Like it or not, a new year means that tax season is firmly upon us. While the April 15 deadline may seem a long way off, you can, and should, take steps now to spare yourself a spring time tax headache.
Plan, Prepare, and Organize
Proper tax preparation is one of the most important reporting requirements placed on the small business owner. And, as with all other areas of business planning and management, staying on top of your priorities throughout the year, while anticipating other business variables, will pay dividends in the long run.
This is fundamentally important when it comes to taxes.
Taxes are not a variable, they are a given and should be prioritized as such. Tax season can be a lot less stressful for all involved if you plan ahead (starting January 1 for the new tax year), stay on track (use this handy IRS Small Business Tax Calendar), and prepare yourself (2-3 months before the tax deadline).
The good news is that the government has stepped in, with the launch of the Small Business 2009 Tax Center, to help business owners stay abreast of tax requirements, tax changes and a whole range of tax tips for 2009 from a one-stop shop online portal.
What’s In Store at the 2009 Tax Center?
The 2009 Tax Center provides a single online access point to small business tax information – sparing busy entrepreneurs the task of wading through a variety of government Web sites, documentation and endless Google searches to find tax information that is relevant to the business.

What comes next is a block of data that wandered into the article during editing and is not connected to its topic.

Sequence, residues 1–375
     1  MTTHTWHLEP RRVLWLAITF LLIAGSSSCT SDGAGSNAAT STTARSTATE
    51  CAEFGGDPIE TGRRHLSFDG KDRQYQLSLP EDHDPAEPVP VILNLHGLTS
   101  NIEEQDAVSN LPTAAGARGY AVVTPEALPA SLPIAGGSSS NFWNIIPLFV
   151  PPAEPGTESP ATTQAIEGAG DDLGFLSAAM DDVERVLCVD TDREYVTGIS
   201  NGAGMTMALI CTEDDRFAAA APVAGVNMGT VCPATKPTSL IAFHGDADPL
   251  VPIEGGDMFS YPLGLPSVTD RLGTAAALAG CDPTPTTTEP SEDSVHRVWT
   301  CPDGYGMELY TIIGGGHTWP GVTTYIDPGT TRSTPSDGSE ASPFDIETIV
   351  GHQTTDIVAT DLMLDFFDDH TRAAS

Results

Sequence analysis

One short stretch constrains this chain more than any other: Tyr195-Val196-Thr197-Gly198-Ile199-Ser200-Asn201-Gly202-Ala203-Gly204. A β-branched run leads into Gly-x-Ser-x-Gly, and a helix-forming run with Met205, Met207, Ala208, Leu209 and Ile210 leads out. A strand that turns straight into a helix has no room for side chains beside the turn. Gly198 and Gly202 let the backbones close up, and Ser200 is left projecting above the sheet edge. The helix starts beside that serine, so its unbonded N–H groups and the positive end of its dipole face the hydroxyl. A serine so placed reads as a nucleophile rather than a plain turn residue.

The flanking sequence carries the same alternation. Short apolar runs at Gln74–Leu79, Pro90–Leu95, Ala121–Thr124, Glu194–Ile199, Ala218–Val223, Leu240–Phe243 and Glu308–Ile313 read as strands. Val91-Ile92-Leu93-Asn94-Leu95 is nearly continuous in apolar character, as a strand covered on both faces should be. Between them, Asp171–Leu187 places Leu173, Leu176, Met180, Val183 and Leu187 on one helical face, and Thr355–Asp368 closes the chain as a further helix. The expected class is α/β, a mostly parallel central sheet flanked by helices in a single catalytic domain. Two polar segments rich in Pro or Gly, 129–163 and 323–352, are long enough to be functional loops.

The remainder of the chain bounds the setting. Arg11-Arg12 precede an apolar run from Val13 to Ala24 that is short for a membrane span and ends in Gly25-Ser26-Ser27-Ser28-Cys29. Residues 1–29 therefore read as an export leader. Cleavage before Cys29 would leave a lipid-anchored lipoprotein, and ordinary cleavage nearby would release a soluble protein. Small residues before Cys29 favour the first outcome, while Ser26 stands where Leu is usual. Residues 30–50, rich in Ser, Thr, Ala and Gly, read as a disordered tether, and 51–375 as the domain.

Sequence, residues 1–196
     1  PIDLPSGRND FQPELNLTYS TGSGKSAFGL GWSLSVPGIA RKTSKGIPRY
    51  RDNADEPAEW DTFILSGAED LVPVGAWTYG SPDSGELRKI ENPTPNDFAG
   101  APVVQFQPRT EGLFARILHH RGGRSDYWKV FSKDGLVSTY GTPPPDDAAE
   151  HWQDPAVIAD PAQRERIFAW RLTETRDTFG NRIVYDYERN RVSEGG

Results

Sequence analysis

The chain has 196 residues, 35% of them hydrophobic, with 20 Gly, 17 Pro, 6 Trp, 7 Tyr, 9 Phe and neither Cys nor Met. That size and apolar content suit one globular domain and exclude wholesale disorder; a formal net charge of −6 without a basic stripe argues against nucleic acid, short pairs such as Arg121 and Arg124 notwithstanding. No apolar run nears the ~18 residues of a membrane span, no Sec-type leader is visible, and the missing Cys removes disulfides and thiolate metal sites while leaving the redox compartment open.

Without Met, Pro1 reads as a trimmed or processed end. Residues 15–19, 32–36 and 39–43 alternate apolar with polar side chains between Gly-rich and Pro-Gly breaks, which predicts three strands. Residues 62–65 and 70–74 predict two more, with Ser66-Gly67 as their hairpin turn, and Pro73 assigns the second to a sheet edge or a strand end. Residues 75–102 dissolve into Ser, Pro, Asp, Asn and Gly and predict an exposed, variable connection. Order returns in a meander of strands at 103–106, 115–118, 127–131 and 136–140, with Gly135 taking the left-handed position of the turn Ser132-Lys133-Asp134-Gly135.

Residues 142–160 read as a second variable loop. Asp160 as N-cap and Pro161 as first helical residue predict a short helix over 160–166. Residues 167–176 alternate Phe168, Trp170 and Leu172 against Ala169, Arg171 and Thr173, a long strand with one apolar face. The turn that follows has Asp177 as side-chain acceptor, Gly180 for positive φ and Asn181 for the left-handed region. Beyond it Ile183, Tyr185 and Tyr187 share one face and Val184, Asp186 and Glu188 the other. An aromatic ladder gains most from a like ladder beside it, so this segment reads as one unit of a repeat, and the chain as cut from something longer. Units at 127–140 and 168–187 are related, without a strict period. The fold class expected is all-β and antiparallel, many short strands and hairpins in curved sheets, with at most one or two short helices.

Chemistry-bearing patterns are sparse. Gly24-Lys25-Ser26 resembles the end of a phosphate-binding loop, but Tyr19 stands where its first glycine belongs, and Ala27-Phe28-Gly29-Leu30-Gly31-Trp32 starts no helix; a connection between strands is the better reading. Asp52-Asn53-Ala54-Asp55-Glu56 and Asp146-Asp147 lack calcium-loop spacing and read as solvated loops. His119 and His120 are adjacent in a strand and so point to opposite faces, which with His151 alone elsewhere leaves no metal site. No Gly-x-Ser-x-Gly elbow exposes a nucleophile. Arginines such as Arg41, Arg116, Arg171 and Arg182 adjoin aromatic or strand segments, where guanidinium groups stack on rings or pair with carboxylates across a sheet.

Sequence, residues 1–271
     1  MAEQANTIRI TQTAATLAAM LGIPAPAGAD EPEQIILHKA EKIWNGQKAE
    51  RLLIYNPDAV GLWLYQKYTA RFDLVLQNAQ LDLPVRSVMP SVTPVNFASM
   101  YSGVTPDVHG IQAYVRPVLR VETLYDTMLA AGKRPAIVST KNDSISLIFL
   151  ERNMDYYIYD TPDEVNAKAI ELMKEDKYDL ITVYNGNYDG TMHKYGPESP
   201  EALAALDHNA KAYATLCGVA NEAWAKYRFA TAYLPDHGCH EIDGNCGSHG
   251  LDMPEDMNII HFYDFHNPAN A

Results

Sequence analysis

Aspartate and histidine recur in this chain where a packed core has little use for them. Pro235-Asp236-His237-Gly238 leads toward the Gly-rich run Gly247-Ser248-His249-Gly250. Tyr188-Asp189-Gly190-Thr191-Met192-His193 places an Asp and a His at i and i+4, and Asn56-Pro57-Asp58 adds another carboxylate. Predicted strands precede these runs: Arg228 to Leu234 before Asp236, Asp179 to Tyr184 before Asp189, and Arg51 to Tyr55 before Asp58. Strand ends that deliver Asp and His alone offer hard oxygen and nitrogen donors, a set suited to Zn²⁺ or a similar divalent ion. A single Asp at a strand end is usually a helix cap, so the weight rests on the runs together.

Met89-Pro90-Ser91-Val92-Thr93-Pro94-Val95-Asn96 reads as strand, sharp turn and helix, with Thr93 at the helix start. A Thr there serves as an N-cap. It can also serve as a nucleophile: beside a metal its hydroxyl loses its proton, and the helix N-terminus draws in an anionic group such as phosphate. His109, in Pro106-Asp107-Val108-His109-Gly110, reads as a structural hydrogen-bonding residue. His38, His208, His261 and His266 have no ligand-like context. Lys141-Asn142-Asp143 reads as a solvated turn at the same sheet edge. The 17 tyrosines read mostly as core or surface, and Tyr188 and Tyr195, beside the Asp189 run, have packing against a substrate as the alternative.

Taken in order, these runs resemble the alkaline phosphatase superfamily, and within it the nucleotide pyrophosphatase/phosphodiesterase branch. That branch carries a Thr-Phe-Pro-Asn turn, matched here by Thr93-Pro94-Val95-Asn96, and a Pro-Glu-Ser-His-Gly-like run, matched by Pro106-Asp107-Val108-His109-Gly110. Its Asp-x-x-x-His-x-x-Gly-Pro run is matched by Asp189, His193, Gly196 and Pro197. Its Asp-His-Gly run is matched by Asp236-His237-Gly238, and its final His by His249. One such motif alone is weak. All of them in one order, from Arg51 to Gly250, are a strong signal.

From one page you can find the answers to many tax related queries, as well as a few things you may not know such as how new tax laws will impact your businesses in 2009.
The portal also offers easy-to-read small business guides that will set you on your way to becoming a tax savvy business owner. Topics include advice on managing your taxes, filing and paying your taxes, employment taxes, and tax information for specific business types.
Other Resources to Help You Prepare for Tax Season
If you are a business start-up, or just need more help with tax specifics, it’s a good idea to take advantage of the training that the government provides for small businesses. There are many small business tax workshops available across the country. Presented by federal tax specialists, topics vary from a general overview of taxes to more specific topics such as recordkeeping and retirement plans.